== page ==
A team of Italian surgeons and nursing staff led by Stefano Lewis has carried out complicated open-heart surgery on a six-year old Palestinian child in the European Hospital in the Gaza Strip. The operation repaired a hole in the child's atrium which has been present since birth. Described by the doctors as "successful", this kind of operation is apparently one of the most difficult to perform.
This was the first time that an operation like this has been done in Gaza. Patients generally have to be referred to hospitals in Egypt or Israel.
The Italians' presence in Gaza was welcomed by the Ministry of Health. Spokesman Dr Mohammed Al-Kashef said that such visits by foreign specialists help not only patients in desperate need but also the training of local doctors, expanding their skill base. This one operation, he added, will help to reduce the number of patients who have to go abroad for their treatment, which is very expensive for the patients and the ministry.
"We agreed with the Organisation of Caring with Palestinian Children, headed by the famous heart surgeon Dr Stefano Lewis, to come and help us in Gaza," said Dr Al-Kashef. "The organisation is to dispatch a delegation of specialist surgeons and it is going to stay in Gaza for one year."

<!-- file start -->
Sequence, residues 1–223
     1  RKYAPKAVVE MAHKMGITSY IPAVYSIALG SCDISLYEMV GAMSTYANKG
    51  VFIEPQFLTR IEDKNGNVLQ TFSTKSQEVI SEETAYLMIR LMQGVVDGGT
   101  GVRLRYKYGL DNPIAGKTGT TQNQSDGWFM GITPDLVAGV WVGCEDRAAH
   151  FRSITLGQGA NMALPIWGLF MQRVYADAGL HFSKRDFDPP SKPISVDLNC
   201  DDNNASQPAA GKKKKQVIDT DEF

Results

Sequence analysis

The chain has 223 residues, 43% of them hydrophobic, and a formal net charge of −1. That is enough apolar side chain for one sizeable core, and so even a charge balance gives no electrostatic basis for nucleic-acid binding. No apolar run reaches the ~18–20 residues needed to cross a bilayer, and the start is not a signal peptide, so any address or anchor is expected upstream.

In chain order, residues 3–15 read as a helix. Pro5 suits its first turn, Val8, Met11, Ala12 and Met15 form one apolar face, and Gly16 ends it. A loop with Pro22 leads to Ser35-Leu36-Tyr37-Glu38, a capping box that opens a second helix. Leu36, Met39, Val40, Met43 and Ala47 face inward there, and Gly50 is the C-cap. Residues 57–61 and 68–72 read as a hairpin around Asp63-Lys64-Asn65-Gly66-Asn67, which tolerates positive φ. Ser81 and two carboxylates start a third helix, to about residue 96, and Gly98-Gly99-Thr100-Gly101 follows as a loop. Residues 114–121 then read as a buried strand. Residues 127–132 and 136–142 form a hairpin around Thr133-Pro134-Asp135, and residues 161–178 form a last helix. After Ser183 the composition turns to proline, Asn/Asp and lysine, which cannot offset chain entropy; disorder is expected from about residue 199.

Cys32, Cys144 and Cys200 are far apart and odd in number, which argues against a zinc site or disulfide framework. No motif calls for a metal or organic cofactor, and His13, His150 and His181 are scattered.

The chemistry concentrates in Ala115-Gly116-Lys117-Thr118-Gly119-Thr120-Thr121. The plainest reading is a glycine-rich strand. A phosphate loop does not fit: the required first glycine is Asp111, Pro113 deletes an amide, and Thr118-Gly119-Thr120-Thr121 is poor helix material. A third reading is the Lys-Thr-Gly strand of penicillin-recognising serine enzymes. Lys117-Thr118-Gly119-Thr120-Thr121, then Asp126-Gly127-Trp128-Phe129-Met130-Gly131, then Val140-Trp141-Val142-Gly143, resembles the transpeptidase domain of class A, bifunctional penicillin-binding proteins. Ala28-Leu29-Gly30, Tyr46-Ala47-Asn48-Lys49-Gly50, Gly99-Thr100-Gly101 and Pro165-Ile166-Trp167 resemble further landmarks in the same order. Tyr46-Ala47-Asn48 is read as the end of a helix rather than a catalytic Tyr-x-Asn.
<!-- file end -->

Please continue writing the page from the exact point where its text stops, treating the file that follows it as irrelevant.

Al-Kashef added that the delegation will bring all the equipment needed for open-heart surgery. It will also bring other equipment needed for training Palestinians doctors for the future. "A formal agreement to this effect will be signed in the next few days."
Dr Lewis's group includes a full surgical team of doctors, nurses and anaesthetists. It will be in Gaza until 21st April and will perform several tricky operations during its stay.
This is not the first such delegation which has provided medical and surgical assistance to the Palestinians in the Gaza Strip. A French delegation visited the besieged territory last month and carried out 22 operations on patients who have lost one or more limbs during Israeli attacks. Also in March, another medical team operated on cancer patients who have spent their money and time on travelling overseas for treatment and chemotherapy.